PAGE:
Potential to prevent transplant rejection, treat autoimmune diseases and immunodeficiencies.
Raising hopes for cell-based therapies, UC San Francisco researchers have created the first functioning human thymus tissue from embryonic stem cells in the laboratory. The researchers showed that, in mice, the tissue can be used to foster the development of white blood cells the body needs to mount healthy immune responses and to prevent harmful autoimmune reactions.
The scientists who developed the thymus cells — which caused the proliferation and maturation of functioning immune cells when transplanted — said the achievement marks a significant step toward potential new treatments based on stem-cell and organ transplantation, as well as new therapies for type-1 diabetes and other autoimmune diseases, and for immunodeficiency diseases.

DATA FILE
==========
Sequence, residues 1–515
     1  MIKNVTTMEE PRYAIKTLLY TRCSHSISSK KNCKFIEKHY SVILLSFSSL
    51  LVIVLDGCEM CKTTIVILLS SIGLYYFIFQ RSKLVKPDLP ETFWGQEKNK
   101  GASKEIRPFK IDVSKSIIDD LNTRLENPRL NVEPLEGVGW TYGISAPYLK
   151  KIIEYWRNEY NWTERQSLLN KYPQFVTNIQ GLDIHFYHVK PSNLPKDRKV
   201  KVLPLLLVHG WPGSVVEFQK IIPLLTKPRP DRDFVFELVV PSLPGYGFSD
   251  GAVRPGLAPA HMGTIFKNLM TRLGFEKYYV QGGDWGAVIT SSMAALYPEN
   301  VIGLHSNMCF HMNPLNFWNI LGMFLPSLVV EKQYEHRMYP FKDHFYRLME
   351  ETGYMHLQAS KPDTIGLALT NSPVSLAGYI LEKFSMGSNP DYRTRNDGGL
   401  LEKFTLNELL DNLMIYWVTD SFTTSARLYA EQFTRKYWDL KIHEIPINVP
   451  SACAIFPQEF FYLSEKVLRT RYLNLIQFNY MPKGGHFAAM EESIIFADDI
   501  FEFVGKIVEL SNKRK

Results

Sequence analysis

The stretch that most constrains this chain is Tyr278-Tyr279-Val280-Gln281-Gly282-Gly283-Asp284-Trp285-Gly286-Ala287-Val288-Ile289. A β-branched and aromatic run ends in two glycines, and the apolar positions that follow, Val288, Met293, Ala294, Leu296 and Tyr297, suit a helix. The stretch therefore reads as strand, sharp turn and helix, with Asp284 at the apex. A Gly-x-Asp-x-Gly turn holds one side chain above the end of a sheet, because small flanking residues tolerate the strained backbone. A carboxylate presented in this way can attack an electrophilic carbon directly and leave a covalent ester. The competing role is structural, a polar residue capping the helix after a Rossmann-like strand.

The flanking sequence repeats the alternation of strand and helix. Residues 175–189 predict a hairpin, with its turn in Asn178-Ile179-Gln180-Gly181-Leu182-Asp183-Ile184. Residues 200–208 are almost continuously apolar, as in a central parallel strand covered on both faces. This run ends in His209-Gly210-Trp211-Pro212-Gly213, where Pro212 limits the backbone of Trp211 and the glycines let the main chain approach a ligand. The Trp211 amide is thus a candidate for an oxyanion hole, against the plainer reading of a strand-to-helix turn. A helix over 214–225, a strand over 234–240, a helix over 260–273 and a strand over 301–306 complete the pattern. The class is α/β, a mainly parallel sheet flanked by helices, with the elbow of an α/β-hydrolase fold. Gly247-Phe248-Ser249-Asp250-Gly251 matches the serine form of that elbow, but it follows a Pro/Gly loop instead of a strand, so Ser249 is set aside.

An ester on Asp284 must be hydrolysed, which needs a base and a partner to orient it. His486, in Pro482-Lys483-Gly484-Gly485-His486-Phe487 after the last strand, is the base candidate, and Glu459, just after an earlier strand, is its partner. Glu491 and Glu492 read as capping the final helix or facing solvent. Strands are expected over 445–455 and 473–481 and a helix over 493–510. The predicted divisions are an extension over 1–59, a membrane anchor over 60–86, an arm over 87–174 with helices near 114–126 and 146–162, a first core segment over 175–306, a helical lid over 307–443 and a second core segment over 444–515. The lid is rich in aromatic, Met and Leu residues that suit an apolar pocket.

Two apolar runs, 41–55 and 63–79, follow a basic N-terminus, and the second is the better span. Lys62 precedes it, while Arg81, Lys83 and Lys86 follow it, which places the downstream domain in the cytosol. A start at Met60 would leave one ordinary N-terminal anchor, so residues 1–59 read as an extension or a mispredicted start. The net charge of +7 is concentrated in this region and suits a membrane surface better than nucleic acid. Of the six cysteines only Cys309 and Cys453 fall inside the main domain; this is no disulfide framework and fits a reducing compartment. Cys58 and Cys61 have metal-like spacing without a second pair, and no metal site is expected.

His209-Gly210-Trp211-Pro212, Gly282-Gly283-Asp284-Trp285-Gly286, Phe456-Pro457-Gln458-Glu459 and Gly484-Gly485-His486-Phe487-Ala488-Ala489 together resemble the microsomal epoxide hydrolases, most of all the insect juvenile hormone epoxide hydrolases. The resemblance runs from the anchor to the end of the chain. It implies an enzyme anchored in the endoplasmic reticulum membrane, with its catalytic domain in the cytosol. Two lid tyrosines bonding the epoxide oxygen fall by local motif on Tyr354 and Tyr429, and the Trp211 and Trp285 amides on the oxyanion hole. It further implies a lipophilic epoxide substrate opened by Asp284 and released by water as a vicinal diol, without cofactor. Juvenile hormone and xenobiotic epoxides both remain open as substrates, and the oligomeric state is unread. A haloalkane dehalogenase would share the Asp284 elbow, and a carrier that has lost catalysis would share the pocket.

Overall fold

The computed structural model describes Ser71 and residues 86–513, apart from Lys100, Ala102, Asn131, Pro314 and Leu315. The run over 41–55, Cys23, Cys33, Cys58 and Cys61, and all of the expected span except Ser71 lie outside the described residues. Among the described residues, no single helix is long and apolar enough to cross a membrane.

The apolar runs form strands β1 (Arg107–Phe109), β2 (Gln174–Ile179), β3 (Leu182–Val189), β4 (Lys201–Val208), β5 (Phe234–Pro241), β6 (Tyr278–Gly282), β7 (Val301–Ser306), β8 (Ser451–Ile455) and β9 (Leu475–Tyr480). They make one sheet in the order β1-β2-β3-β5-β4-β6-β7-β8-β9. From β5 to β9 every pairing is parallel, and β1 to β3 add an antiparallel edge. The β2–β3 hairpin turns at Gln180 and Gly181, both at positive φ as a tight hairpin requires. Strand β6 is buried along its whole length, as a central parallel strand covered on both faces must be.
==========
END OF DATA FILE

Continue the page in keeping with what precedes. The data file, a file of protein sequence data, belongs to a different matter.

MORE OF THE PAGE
Starting with human embryonic stem cells, UCSF researchers led by Mark Anderson, M.D., Ph.D., an immunologist, and Matthias Hebrok, Ph.D., a stem-cell researcher and the director of the UCSF Diabetes Center, used a unique combination of growth factors to shape the developmental trajectory of the cells, and eventually hit upon a formula that yielded functional thymus tissue.
The result, reported in today’s (May 16) online edition of the journal Cell Stem Cell, is functioning tissue that nurtures the growth and development of the white blood cells known as T cells. T cells are a central immune cell population that responds to specific disease pathogens and also prevents the immune system from attacking the body’s own tissues.